Agricultural Exports

Agricultural Exports

This article deals with ‘Agricultural Exports.’ This is part of our series on ‘Economics’ which is an important pillar of the GS-3 syllabus. For more articles, you can click here.


Introduction

India’s agriculture exports were worth $ 41.8 billion in 2020, constituting little more than  2.5% of the world agriculture trade.

Agricultural Exports

Analysis

Main exports Basmati Rice, Marine Products, Spices, Wheat, Sugar and Tea
Main export destinations USA, Saudi Arabia, Iran, Nepal and Bangladesh.

Importance of Agri-Exports

Importance of Agri-Exports
  • Addressing crash of prices due to glut/surplus: Farmers suffer during bumper crops. Exporting the surplus produce will help to maintain the prices.
  • It can help achieve the ambitious target of ‘Doubling farmer’s income till 2022‘. 
  • Agricultural exports will help India to earn Foreign exchange.
  • By integrating Indian agriculture with global value chains via agricultural exports, more jobs can be created.  


Issues with Indian Agro Exports

  • Lack of Stable Agricultural Trade Policy Regime: Indian Agricultural Policy is not stable. The government frequently change the policy to tame inflation, thus impacting the exports. For example, the government increases the Minimum Export Price (MEP), due to which certain Indian Agricultural Exports become uncompetitive in the world market.
  • Frequent rejections: Indian agro-products frequently fails to meet the phytosanitary and quality standards set by different countries, especially European Union and the USA.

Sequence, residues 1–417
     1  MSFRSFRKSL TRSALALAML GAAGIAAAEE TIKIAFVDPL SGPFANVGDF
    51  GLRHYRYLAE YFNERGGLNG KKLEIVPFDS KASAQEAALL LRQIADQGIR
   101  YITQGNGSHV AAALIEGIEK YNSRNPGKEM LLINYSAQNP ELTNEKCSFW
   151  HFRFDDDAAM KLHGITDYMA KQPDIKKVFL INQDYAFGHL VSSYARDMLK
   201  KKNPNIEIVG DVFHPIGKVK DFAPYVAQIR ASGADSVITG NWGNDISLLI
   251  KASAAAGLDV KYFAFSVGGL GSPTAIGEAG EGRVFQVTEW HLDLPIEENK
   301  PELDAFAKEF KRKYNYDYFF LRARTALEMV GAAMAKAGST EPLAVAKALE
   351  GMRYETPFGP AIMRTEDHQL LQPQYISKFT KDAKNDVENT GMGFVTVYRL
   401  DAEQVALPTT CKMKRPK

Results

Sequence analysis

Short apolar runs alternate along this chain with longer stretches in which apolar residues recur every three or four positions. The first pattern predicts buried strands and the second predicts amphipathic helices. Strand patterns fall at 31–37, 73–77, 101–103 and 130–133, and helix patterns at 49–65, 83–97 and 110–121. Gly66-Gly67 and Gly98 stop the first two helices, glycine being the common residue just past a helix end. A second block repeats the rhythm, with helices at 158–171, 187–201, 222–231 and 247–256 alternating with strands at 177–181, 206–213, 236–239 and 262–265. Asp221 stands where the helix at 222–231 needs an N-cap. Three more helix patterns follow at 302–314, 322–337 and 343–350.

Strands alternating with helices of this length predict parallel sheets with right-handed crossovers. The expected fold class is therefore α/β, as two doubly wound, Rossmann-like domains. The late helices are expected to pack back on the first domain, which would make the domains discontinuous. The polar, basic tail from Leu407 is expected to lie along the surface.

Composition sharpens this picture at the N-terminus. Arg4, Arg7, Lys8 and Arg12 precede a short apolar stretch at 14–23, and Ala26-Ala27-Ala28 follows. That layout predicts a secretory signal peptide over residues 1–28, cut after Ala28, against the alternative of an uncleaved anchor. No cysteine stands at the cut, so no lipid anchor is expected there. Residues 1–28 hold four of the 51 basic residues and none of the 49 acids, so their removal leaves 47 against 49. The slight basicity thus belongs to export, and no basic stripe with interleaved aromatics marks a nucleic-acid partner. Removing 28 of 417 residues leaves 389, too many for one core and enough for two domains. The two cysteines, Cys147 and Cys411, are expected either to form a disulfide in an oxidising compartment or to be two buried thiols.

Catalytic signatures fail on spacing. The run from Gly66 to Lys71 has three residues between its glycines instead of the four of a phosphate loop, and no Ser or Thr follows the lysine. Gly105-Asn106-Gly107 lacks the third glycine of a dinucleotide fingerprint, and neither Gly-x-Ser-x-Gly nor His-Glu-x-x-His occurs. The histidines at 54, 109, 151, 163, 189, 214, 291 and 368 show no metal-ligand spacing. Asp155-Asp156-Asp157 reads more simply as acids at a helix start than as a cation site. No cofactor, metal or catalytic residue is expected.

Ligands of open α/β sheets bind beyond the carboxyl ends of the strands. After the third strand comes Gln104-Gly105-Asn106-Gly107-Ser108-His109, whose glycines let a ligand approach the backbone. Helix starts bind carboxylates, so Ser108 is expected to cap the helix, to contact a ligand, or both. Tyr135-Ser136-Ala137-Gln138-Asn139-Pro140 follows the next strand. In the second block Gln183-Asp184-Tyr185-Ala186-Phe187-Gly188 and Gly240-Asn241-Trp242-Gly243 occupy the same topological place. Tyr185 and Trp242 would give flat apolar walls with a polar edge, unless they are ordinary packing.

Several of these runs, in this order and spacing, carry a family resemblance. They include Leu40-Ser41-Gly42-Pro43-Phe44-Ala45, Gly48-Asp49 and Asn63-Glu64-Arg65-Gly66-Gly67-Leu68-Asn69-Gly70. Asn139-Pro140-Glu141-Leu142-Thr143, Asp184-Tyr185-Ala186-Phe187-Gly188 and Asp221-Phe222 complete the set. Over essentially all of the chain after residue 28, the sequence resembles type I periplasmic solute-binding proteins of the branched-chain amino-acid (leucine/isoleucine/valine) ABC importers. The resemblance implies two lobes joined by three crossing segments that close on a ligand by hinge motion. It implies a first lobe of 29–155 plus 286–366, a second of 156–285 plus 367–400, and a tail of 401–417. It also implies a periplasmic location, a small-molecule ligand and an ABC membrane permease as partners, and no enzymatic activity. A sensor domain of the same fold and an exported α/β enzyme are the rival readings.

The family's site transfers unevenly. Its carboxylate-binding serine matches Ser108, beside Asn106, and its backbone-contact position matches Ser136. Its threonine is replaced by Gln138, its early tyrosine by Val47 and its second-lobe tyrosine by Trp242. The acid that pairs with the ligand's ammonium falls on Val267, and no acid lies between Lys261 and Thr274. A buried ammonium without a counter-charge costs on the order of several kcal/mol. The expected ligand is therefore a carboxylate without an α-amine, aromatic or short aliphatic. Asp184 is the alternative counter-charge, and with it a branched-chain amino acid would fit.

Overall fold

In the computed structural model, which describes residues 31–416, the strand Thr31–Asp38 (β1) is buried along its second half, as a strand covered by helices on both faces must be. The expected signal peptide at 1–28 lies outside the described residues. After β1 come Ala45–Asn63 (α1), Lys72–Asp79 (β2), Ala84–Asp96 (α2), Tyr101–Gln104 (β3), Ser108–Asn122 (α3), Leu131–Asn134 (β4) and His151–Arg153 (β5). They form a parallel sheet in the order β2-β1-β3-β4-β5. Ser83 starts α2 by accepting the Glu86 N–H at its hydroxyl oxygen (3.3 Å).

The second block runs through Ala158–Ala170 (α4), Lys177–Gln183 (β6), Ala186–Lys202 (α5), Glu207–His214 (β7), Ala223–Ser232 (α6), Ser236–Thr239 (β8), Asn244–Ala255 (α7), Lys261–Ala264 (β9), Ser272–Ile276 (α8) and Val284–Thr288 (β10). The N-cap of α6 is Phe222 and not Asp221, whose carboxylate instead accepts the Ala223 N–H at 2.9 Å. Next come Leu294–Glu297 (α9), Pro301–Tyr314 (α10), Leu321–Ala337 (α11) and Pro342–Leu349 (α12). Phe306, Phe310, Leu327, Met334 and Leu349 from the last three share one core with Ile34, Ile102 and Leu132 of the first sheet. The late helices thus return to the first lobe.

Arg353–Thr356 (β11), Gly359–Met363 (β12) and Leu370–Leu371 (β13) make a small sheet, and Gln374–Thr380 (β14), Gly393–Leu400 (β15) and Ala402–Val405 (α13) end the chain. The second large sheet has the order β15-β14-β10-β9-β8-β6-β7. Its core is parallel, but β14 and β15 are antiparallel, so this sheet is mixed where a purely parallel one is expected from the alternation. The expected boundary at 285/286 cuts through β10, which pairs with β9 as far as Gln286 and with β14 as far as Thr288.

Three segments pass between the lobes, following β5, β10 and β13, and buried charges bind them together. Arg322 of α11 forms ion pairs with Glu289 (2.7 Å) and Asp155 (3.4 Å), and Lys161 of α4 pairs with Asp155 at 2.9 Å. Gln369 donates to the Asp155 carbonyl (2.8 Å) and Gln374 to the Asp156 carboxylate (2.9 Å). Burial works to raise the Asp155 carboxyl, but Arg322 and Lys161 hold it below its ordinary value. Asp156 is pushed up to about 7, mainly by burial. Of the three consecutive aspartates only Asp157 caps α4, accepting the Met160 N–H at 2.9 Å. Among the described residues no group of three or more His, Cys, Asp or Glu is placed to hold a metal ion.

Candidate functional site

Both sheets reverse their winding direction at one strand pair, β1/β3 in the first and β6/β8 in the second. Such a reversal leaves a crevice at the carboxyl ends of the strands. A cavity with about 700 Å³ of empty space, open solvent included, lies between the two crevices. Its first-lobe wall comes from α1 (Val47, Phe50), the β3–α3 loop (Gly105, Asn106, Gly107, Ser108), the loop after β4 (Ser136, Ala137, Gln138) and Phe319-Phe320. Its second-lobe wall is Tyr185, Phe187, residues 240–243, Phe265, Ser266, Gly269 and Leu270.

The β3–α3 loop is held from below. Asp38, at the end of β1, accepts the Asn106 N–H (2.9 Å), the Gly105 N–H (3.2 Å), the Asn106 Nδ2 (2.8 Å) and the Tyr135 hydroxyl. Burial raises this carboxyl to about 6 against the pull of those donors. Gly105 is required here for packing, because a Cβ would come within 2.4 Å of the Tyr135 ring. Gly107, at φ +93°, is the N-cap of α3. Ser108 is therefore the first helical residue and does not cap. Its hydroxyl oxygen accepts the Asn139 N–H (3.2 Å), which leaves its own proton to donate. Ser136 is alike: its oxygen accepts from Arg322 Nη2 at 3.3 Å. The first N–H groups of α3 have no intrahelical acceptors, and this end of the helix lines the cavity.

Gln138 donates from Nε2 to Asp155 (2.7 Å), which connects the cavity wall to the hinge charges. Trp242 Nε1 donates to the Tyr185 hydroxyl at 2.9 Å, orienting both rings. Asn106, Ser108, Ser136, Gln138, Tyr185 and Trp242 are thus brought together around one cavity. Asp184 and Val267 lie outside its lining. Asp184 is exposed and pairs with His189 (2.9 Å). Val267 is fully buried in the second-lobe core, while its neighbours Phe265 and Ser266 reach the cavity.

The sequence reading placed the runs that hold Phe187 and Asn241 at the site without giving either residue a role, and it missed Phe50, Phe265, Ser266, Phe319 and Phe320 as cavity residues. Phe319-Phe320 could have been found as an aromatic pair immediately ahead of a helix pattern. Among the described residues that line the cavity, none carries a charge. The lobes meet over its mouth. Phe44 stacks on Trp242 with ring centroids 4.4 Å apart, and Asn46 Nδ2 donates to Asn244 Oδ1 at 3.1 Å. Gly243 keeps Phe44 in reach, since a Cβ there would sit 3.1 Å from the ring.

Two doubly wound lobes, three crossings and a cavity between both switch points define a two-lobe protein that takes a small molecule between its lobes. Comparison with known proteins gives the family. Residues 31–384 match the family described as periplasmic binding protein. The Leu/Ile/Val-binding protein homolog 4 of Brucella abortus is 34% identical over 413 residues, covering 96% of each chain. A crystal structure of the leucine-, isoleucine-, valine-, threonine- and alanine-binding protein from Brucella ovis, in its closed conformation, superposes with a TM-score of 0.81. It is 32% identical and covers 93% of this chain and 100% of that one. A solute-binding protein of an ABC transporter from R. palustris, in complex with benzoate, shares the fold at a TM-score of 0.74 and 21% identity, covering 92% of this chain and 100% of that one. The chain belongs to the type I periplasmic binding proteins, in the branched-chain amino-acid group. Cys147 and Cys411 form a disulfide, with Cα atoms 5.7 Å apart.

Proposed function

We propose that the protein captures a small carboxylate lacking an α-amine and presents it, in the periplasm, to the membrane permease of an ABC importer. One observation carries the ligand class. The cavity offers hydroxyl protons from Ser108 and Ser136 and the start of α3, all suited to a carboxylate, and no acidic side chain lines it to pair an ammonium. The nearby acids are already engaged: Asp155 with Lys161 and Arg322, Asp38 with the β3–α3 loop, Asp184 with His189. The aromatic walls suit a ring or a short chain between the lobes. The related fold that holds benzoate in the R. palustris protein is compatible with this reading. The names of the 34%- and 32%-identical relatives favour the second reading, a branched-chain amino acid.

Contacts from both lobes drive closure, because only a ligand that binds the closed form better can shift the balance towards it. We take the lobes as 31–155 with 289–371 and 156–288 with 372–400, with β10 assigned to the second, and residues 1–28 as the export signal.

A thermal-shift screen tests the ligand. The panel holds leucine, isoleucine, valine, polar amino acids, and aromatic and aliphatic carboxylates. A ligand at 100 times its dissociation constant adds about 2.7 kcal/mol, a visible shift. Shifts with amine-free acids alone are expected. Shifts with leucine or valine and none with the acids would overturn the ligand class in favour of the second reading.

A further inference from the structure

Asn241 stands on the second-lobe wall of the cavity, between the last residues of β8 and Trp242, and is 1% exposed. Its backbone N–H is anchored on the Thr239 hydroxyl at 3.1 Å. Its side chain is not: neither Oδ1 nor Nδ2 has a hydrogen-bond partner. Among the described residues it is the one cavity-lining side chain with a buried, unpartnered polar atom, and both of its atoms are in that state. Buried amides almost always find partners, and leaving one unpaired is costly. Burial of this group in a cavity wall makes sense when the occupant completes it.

• Lack of value addition: India exports raw agriculture due to the underdeveloped Food Processing Industry. Hence, the rate of return is low. 
  • Lack of uniformity: Foreign importers hesitate to buy such products.
  • Infrastructure and Logistics: Poor connectivity of the landlocked production areas (E.g. Bihar, Jharkhand, North-Eastern states and hilly regions, etc.) to the ports is a stiff challenge.  
  • Constitutional Issue: “Agriculture” is a state subject, whereas “trade and commerce” is a Union subject under Schedule 7 of the Indian constitution. The two fail to collaborate to increase the agricultural export.

Agriculture Export Policy, 2018

Objectives

  • Double agricultural exports from $ 30+ Billion to $ 60+ Billion by 2022.
  • Double Indian share in world agro-trade from 2% to 4%.
  • Ensure that farmers benefit from the exports. 

Terms

  • Focus on ‘Bake in India’ on the lines of ‘Made in India’.
  • Diversify our export basket. E.g., Wild Herbs, Aromatic Oils, Medicinal plants etc.
  • Diversify the destinations and don’t just focus on Europe and US. 
  • Stable Trade Policy Regime and don’t change policies like Minimum Export Price on an ad-hoc and reactionary basis.
  • Reforms APMC Act like removal of perishables from APMC Act. 
  • Provide Infrastructure and logistic support by building Mega food parks, State of Art testing facilities etc.
  • Develop Farm to Port projects (like farm to fork).
  • A separate fund for promoting and marketing ‘Brand India in Agricultural products will be created.
  • Attract private investments in agro-export-oriented activities.
  • The Agro-start-up fund will be created.
  • The government will help exporters with Sanitary and Phytosanitary (SPS) issues via FSSAI, APEDA etc., so that the EU / USA doesn’t ban their products.